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West Slopes South - South of I-90 to Columbia River

Issued: 6:04 PM PST Thursday, February 1, 2018
by Dallas Glass

NWAC avalanche forecasts apply to backcountry avalanche terrain in the Olympics, Washington Cascades and Mt Hood area. These forecasts do not apply to developed ski areas, avalanche terrain affecting highways and higher terrain on the volcanic peaks above the Cascade crest level. 

Warm wet weather will develop dangerous avalanche conditions Friday. Avoid steep open slopes at all elevations. Caution should be taken in terrain where avalanches may become large and have significant consequences. 

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Avalanche Problems for Friday

Loose Weti

Loose wet avalanches occur where water is running through the snowpack, and release at or below the trigger point. Avoid terrain traps such as cliffs, gullies, or tree wells. Exit avalanche terrain when you see pinwheels, roller balls, a slushy surface, or during rain-on-snow events.

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Wind Slabi

Wind slabs can take up to a week to stabilize. They are confined to lee and cross-loaded terrain features and can be avoided by sticking to sheltered or wind scoured areas.

  • Avalanche Problemi
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Forecast for Friday:

Warm wet weather will create dangerous avalanche conditions Friday. Avalanche hazard will be shaped by type and amount of precipitation.

In locations receiving rain, wet avalanche problems will develop. Avoid steep open slopes where you will be able to trigger Loose Wet avalanches. Watch for new roller balls and pinwheels forming on slopes indicating triggering an avalanche is becoming more likely.

Isolated Wet Slab avalanches could occur during periods of higher intensity rain. Wet Slab are extremely difficult to predict and assess. Avoid avalanche terrain if you see signs of slab activity occurring during the day Friday.

In areas receiving snow, winds will build fresh new wind slabs. Avoid steep slopes with wind deposited snow such as below cornices, on wind drifts, and near uneven snow surfaces.

Cornices have grown extremely large over the past week. Be aware and reduce your exposure to cornices overhead. Natural cornice collapse can occur at any time and may trigger avalanche on slopes below.

Less precipitation in some areas Friday will limit the development of avalanche danger.

Avalanche Summary:

Active weather this week has depostited 1-2 feet of settled snow over the 1/29 crust in most locations along the west slopes and the passes. Observations show subtle layers within the recent snow but these layers seem to be gaining strength.

Winds Tuesday redistributed storm snow creating Wind Slabs on a variety of aspects. In many locations large cornices have formed along ridgelines.

Several natural and human triggered avalanches have been reported in the near treeline band over the last few days. These avalanches have occurred on nearly every aspect.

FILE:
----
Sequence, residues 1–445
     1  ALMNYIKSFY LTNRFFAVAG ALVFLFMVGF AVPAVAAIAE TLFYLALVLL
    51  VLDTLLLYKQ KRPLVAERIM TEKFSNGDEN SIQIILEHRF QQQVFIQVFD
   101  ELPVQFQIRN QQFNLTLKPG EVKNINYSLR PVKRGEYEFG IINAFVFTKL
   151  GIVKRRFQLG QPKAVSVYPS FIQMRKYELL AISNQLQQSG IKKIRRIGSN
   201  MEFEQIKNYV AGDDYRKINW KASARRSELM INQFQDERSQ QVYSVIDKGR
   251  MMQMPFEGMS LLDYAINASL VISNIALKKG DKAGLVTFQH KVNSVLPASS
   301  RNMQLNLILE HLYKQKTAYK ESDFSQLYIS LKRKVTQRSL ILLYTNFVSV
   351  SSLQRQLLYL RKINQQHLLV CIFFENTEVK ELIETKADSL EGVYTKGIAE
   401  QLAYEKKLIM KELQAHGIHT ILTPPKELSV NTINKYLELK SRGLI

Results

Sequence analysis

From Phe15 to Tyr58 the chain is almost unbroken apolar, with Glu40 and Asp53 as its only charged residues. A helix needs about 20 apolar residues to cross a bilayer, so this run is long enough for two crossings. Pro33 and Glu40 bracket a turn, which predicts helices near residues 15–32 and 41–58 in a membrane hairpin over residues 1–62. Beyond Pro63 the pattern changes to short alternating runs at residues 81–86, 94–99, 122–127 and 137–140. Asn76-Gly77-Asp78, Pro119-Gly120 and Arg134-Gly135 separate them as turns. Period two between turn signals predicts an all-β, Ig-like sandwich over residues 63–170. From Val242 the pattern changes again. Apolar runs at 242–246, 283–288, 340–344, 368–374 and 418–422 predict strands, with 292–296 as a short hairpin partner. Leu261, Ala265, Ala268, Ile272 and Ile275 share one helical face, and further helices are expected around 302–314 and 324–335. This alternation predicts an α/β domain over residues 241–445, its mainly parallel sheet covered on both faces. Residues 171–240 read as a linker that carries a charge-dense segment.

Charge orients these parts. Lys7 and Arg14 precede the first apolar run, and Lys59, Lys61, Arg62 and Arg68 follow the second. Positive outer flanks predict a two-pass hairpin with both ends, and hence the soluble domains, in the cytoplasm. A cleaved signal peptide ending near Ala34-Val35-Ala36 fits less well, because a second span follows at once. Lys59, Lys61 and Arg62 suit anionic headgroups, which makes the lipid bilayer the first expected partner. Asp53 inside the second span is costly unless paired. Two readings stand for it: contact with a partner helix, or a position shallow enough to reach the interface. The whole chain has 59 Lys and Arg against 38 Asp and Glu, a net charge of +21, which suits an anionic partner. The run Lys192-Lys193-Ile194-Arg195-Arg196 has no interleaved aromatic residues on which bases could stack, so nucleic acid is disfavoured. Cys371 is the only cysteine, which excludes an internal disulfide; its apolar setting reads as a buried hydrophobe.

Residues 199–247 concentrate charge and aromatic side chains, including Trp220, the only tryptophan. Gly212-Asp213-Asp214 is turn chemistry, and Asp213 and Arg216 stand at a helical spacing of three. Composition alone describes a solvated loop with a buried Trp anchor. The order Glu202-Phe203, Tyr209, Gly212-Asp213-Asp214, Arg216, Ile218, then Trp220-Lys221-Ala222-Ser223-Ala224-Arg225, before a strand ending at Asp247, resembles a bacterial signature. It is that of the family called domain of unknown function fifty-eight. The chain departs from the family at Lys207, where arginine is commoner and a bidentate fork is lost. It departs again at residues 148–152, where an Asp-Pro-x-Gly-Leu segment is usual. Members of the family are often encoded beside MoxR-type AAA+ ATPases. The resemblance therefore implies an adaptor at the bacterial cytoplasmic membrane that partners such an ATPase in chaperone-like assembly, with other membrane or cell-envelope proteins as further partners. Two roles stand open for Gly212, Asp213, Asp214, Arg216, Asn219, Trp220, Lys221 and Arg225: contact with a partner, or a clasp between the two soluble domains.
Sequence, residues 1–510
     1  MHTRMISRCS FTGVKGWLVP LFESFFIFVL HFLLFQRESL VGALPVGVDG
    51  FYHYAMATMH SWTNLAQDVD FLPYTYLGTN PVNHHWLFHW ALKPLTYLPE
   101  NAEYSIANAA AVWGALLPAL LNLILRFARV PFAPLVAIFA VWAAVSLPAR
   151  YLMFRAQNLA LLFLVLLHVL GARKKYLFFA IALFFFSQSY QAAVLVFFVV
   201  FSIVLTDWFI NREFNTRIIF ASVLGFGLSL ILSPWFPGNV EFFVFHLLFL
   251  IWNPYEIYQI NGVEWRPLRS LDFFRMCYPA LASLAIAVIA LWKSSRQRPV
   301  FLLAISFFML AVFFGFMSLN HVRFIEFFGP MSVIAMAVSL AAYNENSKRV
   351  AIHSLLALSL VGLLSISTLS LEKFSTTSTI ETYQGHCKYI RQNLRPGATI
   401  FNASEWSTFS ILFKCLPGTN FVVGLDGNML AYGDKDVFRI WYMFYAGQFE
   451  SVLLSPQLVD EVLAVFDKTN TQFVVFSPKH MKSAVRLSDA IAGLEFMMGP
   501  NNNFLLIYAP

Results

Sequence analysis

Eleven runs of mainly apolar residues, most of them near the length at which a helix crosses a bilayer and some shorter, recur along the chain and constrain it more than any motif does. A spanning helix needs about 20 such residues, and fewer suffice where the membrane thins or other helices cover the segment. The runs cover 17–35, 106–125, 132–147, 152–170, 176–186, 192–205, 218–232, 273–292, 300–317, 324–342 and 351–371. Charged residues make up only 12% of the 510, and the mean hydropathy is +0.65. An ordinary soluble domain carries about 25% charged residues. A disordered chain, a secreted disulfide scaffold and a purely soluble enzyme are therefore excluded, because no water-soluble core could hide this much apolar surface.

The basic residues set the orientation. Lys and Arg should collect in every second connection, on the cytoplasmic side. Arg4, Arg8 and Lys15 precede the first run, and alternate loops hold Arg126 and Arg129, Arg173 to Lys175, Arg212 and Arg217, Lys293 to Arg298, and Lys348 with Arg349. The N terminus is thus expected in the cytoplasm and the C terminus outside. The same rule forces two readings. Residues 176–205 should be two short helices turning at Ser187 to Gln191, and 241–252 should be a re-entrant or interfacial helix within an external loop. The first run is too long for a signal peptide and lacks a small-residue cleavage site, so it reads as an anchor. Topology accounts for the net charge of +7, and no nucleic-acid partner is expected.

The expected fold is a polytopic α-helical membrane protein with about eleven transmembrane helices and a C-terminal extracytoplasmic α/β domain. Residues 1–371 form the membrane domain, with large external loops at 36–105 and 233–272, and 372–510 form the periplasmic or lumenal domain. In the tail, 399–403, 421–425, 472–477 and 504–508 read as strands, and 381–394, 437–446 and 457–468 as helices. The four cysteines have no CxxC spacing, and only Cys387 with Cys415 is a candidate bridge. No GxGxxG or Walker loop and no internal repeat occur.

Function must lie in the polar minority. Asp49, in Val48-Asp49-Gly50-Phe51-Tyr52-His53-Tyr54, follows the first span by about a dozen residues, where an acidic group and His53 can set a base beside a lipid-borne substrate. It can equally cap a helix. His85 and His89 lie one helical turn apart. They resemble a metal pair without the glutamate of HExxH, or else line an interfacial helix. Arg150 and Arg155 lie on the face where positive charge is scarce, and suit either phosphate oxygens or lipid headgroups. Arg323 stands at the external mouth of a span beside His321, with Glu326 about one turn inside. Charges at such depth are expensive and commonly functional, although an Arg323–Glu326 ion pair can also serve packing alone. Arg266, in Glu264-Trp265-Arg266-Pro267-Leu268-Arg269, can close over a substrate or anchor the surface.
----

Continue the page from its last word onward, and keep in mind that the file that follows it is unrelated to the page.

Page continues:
Observations:
Central

Stevens Pass

NWAC Avalanche Forecaster Josh Hirshberg traveled on Lichtenberg Mountain area Thursday. Josh observed 12-18 inches of storm snow well bonded to the 1/29 crust. Winds had drifted snow in the near treeline areas forming shallow wind slabs. Their party triggered a small slab avalanche on a steep convex roll near 5100 feet. Warming air temperatures were beginning to effect surface snow by late in the day.

On Wednesday, an avalanche professional (not ski patrol) was caught in a large  skier triggered wind slab avalanche. The incident occurred in East Highland Bowl around 4800 ft in steep east facing terrain. The crown was 1-2 ft deep, broke wide and caught and carried two skiers already downslope. Thankfully they sustained only minor injuries.

Snoqualmie Pass

Alpental Ski Patrol Thursday reported very large cornices along ridges in the Alpental Valley.

NWAC Pro Observer Ian Nicholson was in the Alpental Valley Wednesday. Ian found wind redistribution of the most recent 8" of snow. Variable snow surfaces were encountered near treeline with wind loading found on a most aspects. In sheltered terrain, storm snow was generally well bonded to the 1/29 crust.

South

An avalanche professional in the Crystal backcountry Thursday noted lingering wind slab instabilities near ridges. By late in the day light rain was already effecting the below treeline bands.

NWAC forecaster Dallas Glass was in the Crystal backcountry Wednesday and found 15" of storm snow generally well bonded to the 1/29 crust. Wind slabs were noted near and just below ridgelines. Cornices have grown large on all exposed ridgelines.  Small skier triggered and natural slab avalanches were noted in steep terrain.

No Corresponding Mountain Weather Forecast Available

USE AT YOUR OWN RISK

This Backcountry Avalanche Forecast is provided in conjunction with the US Forest Service, and is intended for personal and recreational purposes only. Safe backcountry travel requires preparation and planning, and this information may be used for planning purposes but does not provide all the information necessary for backcountry travel. Advanced avalanche education is strongly encouraged.

The user acknowledges that it is impossible to accurately predict natural events such as avalanches in every instance, and the accuracy or reliability of the data provided here is not guaranteed in any way. This forecast describes general avalanche conditions and local variations will always occur. This forecast expires 24 hours after the posted time unless noted otherwise.